8. jitte

    jitte Registered Member

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    Who is the idiot and who is not is debatable, but I'm not going to engage in it further.

     
  9. Hungry Man

    Hungry Man Registered Member

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    Please feel free to explain why you think that dropping a packet is more secure than rejecting it. Is it actually going to make your system harder to hack?

    Really, do tell.
     
  10. Umm. Re "legit" programs, I think it's worth noting that Skype opens up a high port (something in the 50k range), and its functionality is not impaired by blocking that port. Not all (semi-)legitimate programs can be trusted not to do something stupid.
     
  11. dw426

    dw426 Registered Member

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    I think the whole stealth vs closed debate is about people scanning your ports not finding anything to scan instead of seeing the ports and being told "no", by the firewall. The general consensus was that if a hacker sees nothing, they won't keep trying. It really does not matter in terms of one being more secure than the other. if they can't get in, they can't get in. Plus there are far uglier things to worry about than someone using a port scanner on you (which basically happens constantly as long as you're connected to the net, you just don't see it unless you have your firewall configured to tell you about them.
     
  12. dw426

    dw426 Registered Member

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    Opening a port in that range isn't a big deal, plus it gets closed again when the program assigned to it is shut down. Skype picks a random port upon installation, and you can choose to only open ports 443 and 80. Also, you're probably blocking incoming TCP and not outgoing, as that would definitely cause issues. There are only a handful of "dangerous" ranges.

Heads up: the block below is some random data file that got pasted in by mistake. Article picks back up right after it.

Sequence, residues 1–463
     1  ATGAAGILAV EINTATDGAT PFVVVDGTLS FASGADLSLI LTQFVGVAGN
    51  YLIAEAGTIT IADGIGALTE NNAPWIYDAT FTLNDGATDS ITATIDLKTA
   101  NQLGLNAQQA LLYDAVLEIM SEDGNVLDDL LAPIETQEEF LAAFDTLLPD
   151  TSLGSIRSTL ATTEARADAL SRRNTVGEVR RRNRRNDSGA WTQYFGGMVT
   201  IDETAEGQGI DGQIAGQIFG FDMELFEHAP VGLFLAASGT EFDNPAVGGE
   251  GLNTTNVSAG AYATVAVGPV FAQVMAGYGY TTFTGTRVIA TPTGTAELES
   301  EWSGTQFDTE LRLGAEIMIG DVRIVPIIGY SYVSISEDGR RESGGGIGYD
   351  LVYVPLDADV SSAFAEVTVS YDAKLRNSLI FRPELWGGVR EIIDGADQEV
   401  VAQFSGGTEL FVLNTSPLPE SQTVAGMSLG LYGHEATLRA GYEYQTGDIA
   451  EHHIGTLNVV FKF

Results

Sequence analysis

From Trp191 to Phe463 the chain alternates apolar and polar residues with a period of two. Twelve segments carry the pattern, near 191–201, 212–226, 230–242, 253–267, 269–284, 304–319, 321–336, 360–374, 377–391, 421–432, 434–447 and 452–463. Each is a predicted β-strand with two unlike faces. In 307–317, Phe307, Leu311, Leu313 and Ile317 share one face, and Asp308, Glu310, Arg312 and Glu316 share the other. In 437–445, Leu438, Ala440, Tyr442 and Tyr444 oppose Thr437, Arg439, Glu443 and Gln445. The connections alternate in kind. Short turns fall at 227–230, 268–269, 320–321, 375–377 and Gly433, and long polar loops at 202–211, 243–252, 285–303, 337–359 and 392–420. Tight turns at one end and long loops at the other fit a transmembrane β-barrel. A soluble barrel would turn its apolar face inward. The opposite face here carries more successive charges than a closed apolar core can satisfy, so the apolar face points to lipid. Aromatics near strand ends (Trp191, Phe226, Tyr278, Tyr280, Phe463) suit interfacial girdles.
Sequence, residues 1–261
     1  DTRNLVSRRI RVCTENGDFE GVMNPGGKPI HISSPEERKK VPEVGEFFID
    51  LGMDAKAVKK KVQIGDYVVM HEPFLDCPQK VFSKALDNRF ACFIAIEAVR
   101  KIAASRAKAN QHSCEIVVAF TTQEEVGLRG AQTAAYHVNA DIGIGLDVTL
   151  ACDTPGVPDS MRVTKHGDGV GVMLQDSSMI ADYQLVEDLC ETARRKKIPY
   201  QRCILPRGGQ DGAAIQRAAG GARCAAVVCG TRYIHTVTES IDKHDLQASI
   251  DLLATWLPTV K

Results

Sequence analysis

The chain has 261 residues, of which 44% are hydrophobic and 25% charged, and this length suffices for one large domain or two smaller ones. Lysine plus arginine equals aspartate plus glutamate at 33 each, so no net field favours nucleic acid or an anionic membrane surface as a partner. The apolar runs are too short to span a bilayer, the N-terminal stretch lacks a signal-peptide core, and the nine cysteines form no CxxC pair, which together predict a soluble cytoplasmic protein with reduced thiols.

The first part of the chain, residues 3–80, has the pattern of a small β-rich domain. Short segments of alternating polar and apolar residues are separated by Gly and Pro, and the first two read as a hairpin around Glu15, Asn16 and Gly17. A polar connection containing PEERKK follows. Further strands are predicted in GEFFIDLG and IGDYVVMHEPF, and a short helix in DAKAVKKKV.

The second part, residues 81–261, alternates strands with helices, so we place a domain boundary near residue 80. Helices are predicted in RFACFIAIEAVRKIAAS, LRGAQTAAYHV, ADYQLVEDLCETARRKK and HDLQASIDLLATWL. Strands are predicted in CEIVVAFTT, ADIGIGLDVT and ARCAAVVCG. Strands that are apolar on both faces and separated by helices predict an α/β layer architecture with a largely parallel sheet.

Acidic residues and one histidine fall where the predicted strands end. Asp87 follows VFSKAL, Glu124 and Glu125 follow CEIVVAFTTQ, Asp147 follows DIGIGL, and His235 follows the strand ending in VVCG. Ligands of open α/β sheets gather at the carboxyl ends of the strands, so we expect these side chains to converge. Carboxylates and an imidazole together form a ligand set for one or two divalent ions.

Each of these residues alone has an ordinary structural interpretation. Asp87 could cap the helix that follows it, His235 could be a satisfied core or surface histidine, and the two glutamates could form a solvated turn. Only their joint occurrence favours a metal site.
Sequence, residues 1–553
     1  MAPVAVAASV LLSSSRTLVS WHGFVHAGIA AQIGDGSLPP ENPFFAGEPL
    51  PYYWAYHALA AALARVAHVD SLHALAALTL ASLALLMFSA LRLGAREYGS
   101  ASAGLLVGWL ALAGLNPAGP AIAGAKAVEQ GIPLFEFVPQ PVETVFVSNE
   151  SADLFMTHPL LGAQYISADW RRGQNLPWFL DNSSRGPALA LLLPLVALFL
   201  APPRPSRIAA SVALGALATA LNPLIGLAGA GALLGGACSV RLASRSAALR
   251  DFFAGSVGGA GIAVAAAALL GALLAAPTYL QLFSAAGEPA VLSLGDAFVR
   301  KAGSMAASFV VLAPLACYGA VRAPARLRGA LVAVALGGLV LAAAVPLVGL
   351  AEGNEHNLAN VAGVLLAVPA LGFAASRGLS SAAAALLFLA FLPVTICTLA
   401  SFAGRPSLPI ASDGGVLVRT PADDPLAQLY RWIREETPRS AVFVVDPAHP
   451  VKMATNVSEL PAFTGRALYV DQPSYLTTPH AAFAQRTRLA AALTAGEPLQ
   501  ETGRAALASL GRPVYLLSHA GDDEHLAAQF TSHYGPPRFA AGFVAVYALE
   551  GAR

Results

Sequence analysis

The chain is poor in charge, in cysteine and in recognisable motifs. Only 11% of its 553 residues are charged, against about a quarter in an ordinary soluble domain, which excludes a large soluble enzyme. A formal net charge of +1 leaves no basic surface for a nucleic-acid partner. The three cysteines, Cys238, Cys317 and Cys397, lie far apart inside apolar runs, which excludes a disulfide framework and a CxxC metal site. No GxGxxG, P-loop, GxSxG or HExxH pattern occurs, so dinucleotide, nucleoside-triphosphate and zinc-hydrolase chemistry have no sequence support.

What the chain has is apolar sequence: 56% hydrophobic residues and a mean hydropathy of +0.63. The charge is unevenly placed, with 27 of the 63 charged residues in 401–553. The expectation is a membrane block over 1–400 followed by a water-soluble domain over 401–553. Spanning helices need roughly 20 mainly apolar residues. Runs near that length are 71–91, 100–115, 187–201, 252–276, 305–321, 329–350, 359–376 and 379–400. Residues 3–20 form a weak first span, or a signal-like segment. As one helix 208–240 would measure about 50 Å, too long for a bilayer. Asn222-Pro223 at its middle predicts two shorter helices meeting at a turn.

Last edited: May 24, 2012
  13. Hungry Man

    Hungry Man Registered Member

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    When you consider that:
    1) Any listening service on a port will respond
    2) You can only stealth a closed port

    it starts to seem a bit silly to go through any trouble at all to do this. If the port is stealthed they won't see it and if the port is closed they can't really do a hell of a lot to it anyways. If there's a listening port they know you're there.

    A hacker typically is not going to break through a closed port they're going to try to circumvent/ get in through an open port or by hijacking a connection.

    I mean, sure, if all it takes is the push of a button go for it. But... it's really not providing a hell of a lot and while I'm not advocating to disable it (I run behind a router with all ports stealthed) I don't see there being a big difference.

    It's really a lot of hype about something that's only a bit better.

    But if anyone like jitte has some new information on the subject they can feel free to bring it to the table.
     
  14. kupo

    kupo Registered Member

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    There is no such thing as stealth, if a host does not exist, the attacker will receive a "host unreachable" message. When in the so called stealth the attacker will receive nothing, which means that a firewall is dropping the packets.
    -http://www.hansenonline.net/Networking/stealth.html
     
  15. Hungry Man

    Hungry Man Registered Member